The city is ramping up campsite removals in the Central Eastside in response to the mayor’s 90-day reset plan.
PORTLAND, Ore. — A homeless man stokes a small fire outside of his tent Sunday morning on the corner of Southeast 6th Avenue and Oak Street. He’s only been sleeping there for a short time after Portland’s Rapid Response teams cleared his site twice in one day.
“It kind of sucks. It’s kind of depressing as hell when you got like nowhere to go,” Kyle said while fighting to stay warm by his fire.
The city is ramping up campsite removals in the Central Eastside in response to the mayor’s 90-day reset plan that recently launched. The plan is meant to clean up the neighborhood and increase police patrols. It’s in response to dozens of business owners calling on the mayor for help about two weeks ago citing safety concerns.
“One of our employees on his way into our central kitchen was held at gun point,” Kim Malek explained to mayor Wheeler at a community meeting last month.
“Like everyone in this room we deal daily with human feces on our shoes, we deal with break ins and we deal with assaults,” added Darren Marshall the CEO of Smith Teamaker.
He’s considering moving his headquarters out of Portland. At that meeting, mayor Wheeler promised them results by launching a 90-day reset plan in the Central Eastside.
“Not just in terms of the data but I want it to pass the see test if you don’t see it, it doesn’t matter so my expectation is that you will,” Wheeler said.
Another one of his reset plans launched last March in Old Town, which saw temporary results and got 87 people into shelters.
Across the river, Kyle’s camp is getting the brunt of this plan. He was swept twice this weekend and has until 8 a.m. Monday to move again.
KGW asked Kyle if city crews offered him any housing or shelter services after they cleared his site. He responded by saying they didn’t offer any services or refer him to a shelter but gave him five dollars.
According to city data, last week they assessed 500 camps and removed 50 of them. They only offered shelter referrals to 42 people, 33 accepted and 28 actually spent the night in the shelter. Going off of this data and from talking with those on the streets, KGW found not everyone is being offered a safe place to go.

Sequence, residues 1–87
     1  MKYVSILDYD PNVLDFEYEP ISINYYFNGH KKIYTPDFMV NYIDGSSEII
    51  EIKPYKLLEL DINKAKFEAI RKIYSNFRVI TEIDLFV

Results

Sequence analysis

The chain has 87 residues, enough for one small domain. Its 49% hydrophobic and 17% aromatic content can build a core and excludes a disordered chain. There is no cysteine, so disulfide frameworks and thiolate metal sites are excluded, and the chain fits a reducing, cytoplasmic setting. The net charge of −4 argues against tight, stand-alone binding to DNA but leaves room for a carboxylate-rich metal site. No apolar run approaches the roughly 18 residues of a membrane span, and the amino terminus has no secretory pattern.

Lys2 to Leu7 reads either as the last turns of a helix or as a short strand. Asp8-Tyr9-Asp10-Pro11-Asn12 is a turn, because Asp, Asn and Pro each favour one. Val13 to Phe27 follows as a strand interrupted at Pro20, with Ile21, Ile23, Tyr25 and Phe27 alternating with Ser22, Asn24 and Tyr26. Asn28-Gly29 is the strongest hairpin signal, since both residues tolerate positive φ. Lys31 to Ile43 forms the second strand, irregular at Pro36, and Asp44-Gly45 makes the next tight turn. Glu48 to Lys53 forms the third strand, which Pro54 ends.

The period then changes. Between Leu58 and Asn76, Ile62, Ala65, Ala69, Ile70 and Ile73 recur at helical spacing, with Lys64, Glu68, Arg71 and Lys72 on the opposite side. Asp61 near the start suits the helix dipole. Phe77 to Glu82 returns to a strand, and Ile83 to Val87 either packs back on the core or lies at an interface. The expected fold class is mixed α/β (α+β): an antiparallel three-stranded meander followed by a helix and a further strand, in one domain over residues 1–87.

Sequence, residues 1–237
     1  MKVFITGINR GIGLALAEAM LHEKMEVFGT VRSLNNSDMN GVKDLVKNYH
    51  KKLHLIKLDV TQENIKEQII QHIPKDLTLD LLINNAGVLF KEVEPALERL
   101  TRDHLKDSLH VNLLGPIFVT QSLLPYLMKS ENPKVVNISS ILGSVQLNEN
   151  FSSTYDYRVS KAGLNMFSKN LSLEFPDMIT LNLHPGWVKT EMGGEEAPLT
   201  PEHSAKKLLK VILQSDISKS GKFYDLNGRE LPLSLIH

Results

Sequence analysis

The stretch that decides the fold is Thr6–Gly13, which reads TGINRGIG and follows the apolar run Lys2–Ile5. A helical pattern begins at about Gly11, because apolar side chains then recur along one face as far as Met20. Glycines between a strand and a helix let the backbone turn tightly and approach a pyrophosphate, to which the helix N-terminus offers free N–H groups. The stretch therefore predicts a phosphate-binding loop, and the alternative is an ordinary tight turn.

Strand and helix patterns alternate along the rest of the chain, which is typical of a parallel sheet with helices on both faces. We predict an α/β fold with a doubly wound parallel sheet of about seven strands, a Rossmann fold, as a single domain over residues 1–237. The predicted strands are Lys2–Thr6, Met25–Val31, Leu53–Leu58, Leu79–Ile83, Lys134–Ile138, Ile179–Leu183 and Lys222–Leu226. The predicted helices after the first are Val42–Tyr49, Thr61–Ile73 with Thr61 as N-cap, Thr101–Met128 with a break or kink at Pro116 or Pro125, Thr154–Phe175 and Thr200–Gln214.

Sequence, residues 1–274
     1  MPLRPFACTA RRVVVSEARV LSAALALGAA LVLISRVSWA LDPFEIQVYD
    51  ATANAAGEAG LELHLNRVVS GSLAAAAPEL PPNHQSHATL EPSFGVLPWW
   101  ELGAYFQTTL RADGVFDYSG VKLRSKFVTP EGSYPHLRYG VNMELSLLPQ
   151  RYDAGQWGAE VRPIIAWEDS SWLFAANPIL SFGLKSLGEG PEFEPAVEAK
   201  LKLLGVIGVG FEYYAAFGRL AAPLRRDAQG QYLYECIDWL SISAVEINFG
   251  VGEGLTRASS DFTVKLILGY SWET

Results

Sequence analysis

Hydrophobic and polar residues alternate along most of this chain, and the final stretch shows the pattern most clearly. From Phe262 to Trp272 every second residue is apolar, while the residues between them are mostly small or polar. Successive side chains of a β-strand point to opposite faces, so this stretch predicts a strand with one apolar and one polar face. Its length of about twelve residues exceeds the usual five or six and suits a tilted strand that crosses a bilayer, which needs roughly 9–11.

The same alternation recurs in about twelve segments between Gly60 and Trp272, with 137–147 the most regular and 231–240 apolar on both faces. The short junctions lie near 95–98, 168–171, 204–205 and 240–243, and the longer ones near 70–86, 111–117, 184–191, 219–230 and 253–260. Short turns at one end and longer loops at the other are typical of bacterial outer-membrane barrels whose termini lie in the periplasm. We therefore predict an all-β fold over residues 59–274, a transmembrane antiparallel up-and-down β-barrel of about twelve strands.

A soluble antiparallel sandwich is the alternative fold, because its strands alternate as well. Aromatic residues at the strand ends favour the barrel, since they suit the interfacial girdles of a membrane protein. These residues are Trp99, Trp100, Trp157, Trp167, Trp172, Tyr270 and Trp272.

“I just think that they look down upon people who are poor,” said Alex who shares a campsite on the corner of Southeast Grand Ave and Oak Street with his friend Zach. They’ve tasked themselves with watching out for the neighborhood and said they’ve stopped people from breaking into nearby businesses.
“I just try to make a bigger conscious effort to keep my area clean and my surrounding area and my street clean,” said Zach.
He sees the mayor’s reset plan as a ticking time bomb; leaving him in fear of his site being removed, one he spent $500 making.
“So, after we get cleared what are we supposed to do after that happens,” he said. “I have a job. I work at Plaid Pantry. I work graveyard at Plaid Pantry five days a week it’s still not enough to pay for something. I can either have clothes and food in my gut and live out here or I can go live somewhere and have a roof over my head and have no clothes and no food in my gut. I can’t afford to have both.”
Another meeting on this 90-day reset plan is scheduled for Tuesday and this one is not open to the public. KGW reached out to the city to see how many camps they’ve removed from the central eastside. They said they will provide that information on Monday.